Indoor cats tend to be larger than outdoor cats. This is because they tend to be better fed can can’t roam as far or exercise as much as outdoor cats. Outdoor cats may often be physically smaller than indoor cats but tend to be in better shape.
Indicators that your Cat has reached Full Size
The best way to tell if your cat has reached full size is by through its weight, height and length. The easiest way to do this is to measure the weight, height and length of your cat each month.
Top Tip: If you’d like an indicator of how big your cat will end up being take its weight at 16 weeks and double it. This won’t be a perfect measure but will give you a feel for their potential size.
When is a Cat an Adult – Food
Like humans, your cat’s nutritional needs will change as they age. Your cat’s health will be influenced by whether or not their bodies received the right nutrients at the right time.
One of the biggest times of change in nutritional needs for cats is when they move from being kittens to being adult cats.
When should I start feeding my kitten adult cat food?
Once your cat has reached 12 months of age it is time to start moving them to adult food. Adult cats need less food as they are not as active as kittens. The combination of their growth slowing down and being neutered can also slow down their metabolism.
As a result, adult cat food tends to be lower in fat and protein.
Note: If your cat has been neutered it may be better for your kitten to transition to adult food sooner. Do check with your vet.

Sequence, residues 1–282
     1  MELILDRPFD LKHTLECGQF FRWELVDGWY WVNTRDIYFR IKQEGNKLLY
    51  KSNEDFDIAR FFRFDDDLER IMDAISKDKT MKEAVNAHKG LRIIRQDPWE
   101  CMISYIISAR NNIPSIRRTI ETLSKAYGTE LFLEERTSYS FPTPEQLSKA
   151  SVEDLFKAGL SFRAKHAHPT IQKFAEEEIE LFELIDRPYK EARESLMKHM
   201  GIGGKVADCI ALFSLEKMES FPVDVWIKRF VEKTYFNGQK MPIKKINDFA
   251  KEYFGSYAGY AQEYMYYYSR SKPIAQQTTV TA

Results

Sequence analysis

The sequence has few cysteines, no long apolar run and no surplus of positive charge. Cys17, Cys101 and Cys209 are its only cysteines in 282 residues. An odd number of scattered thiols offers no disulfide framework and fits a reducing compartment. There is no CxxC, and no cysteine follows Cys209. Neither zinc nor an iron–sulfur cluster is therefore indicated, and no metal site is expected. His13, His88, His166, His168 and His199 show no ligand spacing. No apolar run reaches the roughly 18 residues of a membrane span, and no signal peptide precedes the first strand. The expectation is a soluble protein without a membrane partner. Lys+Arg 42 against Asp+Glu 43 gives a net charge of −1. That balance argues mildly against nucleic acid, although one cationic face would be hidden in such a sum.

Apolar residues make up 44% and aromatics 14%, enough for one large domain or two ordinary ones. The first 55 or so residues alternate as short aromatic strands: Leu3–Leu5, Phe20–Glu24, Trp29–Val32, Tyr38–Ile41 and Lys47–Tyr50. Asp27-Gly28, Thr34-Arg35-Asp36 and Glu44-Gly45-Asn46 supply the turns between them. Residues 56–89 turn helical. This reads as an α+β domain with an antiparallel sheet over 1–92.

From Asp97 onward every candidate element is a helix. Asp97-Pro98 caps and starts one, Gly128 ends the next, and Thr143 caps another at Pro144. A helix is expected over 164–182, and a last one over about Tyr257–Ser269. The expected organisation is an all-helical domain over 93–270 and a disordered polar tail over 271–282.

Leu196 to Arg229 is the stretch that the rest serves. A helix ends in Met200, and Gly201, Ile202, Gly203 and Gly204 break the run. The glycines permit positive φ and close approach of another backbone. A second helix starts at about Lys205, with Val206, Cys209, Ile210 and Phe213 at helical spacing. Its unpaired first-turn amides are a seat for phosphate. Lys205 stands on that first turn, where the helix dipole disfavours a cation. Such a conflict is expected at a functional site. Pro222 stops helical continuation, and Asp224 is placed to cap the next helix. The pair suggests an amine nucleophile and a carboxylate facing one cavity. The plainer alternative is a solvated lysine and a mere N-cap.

How do I move my cat from kitten food to cat food?
It isn’t a good idea to move your cat from 100% kitten food to 100% adult cat food. Instead, transition your cat’s type of food intake over several days. Not only will this help your cat to accept the new food it will also decrease the chance of any issues with their digestion of the new adult cat food.
On the first day put 75% kitten food and 25% adult food into your cat’s bolw at each meal. On day two move to 50% kitten food and 50% adult food. Day three 75% adult food and 25% kitten food. And then on day four move to 100% adult cat food.
If your cat is struggling to adjust then slow down the percentage move to adult food and manage the transition over a larger number of days.
Free-choice feeding is fine for most cats as they tend to only eat what they want. This involves allowing them access to food 24/7.
Personally, I have dry food available for my cat 24/7 and two set times a day for when it receives wet food. Portion-controlled feeding can be better for indoor cats as they tend not to be as active as outdoor cats.
Dog Years vs Cat Years vs Human Years
It is often interesting to compare our own ages to that of our cats. Cats age most quickly in the first year of their life. These guidelines have been created by the American Animal Hospital Association:
- A cat at one month is the equivalent of a human at one year.
- A cat at three months is the equivalent of a human at four years.
- A cat at twelve months is the equivalent of a human at fifteen years.
- A cat at eighteen months is the equivalent of a human at twenty-one years.
- A cat at two years is the equivalent of a human at twenty-four years.
- At the age of three years, a cat is the equivalent of a human at twenty-eight years. From the ages of three to eleven add four human years for each additional cat year.
- At eleven a cat is the equivalent of a sixty-year-old human. Then continue to add four human years for each additional cat year.